On the other hand, if you’re totally opposed to an annual fee of any amount, the Capital One VentureOne Rewards card provides a lot of the same benefits, but without the annual fee and a 0% interest for the first 12 months. 

What Should a Senior Citizen Look for in a Credit Card?

So if you’re a retiree looking for the best cards for senior citizens, what should you be looking for – especially if it’s your first credit card in a long time, or ever! 

Rewards: It almost goes without saying, but the best cards for seniors are rewards cards. You don’t want to spend money (and pay it off) without getting an extra bonus out of it. 

There are a lot of kinds of rewards cards, but they have some things in common. Certain purchases count toward more reward points, so seniors looking for the best cards for their lifestyle should think about what they spend their money on. Some cards will give cash-back rewards on groceries, while others will give airline miles for travel-related purchases. 

Look for rewards cards that give back rewards for all purchases, not just something specific. While a travel card, for instance, might offer 5% back on travel purchases, it may also return 1%-2% on other purchases.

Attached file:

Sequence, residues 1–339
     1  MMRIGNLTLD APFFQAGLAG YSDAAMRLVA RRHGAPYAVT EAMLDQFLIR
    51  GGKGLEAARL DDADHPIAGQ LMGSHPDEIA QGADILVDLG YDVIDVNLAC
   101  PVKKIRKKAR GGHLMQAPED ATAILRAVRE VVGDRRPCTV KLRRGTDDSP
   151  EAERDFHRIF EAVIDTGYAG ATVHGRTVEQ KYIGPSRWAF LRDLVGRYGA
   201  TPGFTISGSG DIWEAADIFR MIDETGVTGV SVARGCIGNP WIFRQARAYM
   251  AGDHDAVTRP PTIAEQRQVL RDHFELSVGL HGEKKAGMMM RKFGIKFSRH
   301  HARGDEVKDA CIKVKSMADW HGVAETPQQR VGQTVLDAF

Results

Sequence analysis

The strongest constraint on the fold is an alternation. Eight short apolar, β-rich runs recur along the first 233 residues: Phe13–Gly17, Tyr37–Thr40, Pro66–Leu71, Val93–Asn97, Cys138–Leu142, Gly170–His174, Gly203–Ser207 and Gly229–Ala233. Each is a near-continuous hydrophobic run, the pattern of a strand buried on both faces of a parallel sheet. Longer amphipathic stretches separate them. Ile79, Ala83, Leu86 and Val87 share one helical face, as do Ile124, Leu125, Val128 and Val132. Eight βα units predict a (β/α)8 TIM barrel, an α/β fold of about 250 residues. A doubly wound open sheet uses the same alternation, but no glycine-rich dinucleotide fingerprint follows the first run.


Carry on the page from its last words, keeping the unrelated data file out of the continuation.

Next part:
Annual Fee: More specifically, no annual fee. While a lot of rewards cards have an annual fee, you shouldn’t have to pay a yearly tax for the right to spend your own money. The best credit cards for senior citizens would include those that do not require an annual fee. 

Fair Interest Rate: We all know that credit card interest rates can be astronomical, but if you’re looking for the best credit cards for retirees, a high interest rate is not in your best interests (rimshot). 

Now, there’s no card that changes no interest forever – that’s how they make money. The average over the past year has been hovering right around 16%. But our choices for the best credit cards for seniors start out with a 0% interest rate. And of course interest rates after the initial 0% offer tend to be variable. It’s still possible to choose a card that keeps interest rates in the 10%-15% range, especially as your credit improves.